President Donald Trump’s unusually short coronavirus press conference Friday perfectly illustrated why they are called “briefings.” Compared to the president’s normal two hours-plus at the mic, his under-six minutes at week’s end couldn’t get any briefer.
Social media, of course, noted Friday’s briefing and the uncharacteristically quiet Trump, who made opening remarks and, without taking a single question, turned it over to Stephen Hahn, commissioner of the Food and Drugs Administration, and Vice President Mike Pence, causing a number of Trump-related hashtags to start trending.
“Love that he walked out to the question, ‘Mr. President, is now the time for sarcasm?’ #TrumpIsALaughingStock,” filmmaker Morgan Freeman tweeted.
While another Twitter user wrote: “I just noticed #TrumpIsALaughingStock is trending #1 and he is on TWITTER pretty much all day, this must be driving him crazy that he is a world wide buffoon.”
“Trump dodged reporters’ questions like they were draft letters. #TrumpPressConference,” Mark Rahner tweeted.
And “Jeopardy! Champ Ken Jennings wrote, “I would like to announce that when I gave wrong answers on Jeopardy, I was being sarcastic.”
According to four sources who spoke with Axios, plans are in place for the president to stop daily briefings and, when he does have one, they will be noticeably shorter. Multiple sources have reported that several of his advisers have, behind the scenes, been urging him to end the lengthy briefings, which have frequently resulted in him saying something that either he or someone on the coronavirus task force had to later explain, retract or contradict.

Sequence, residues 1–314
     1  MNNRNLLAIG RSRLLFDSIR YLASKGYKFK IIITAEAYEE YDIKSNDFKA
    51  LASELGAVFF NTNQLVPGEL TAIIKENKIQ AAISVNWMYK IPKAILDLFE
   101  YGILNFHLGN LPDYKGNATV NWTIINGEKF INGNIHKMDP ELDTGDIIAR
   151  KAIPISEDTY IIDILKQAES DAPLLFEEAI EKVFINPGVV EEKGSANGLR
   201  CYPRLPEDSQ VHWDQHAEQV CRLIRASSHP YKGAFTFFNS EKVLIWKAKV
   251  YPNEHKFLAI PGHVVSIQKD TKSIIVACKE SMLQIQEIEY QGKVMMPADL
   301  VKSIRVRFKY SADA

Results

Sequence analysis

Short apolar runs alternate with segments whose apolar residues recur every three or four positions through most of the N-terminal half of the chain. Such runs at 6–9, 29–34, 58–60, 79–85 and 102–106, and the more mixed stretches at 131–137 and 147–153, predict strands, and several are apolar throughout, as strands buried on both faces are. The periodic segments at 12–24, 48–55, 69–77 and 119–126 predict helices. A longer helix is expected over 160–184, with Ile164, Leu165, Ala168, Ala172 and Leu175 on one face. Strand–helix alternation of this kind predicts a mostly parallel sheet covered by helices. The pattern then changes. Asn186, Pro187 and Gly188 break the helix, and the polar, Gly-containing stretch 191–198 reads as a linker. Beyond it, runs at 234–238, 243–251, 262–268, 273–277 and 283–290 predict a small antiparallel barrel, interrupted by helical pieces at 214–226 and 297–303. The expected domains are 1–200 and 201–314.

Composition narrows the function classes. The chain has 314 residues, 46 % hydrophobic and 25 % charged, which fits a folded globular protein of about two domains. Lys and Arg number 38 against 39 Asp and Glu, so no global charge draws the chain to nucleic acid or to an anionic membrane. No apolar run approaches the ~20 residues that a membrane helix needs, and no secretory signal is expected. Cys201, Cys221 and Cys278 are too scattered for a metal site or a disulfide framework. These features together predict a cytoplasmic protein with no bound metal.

An Axios source said that an adviser told the president that he is “overexposed,” and the pressers are not only not helping him, but, in fact, they are hurting his poll numbers. “Seniors are scared,” the source said. “And the spectacle of him fighting with the press isn’t what people want to see.”
Friday’s press conference comes on the heels of Trump wondering out loud Thursday if the use of heat or light or injecting people with disinfectants could cure coronavirus. The incident sparked global outrage and concern that people following the president’s suggestion might get hurt or even die if they ingested bleach or household cleaners.
And Lysol — the manufacturer of cleaning products — put out a statement early Friday morning stating that “under no circumstance should our disinfectant products be administered into the human body (through injection, ingestion or any other route).”
White House press secretary Kayleigh McEnany blamed the media Friday for the negative attention, saying his comments were taken out of context. The POTUS contradicted that explanation, saying from the Oval Office that he was ” asking a question sarcastically to reporters like you just to see what would happen.”
According to data from Johns Hopkins University, the coronavirus death toll in the United States surpassed 50,000 Friday, with more than 886,000 total cases of COVID-19. With both its death toll and the total number of COVID-19 cases, the U.S. surpasses all other countries.
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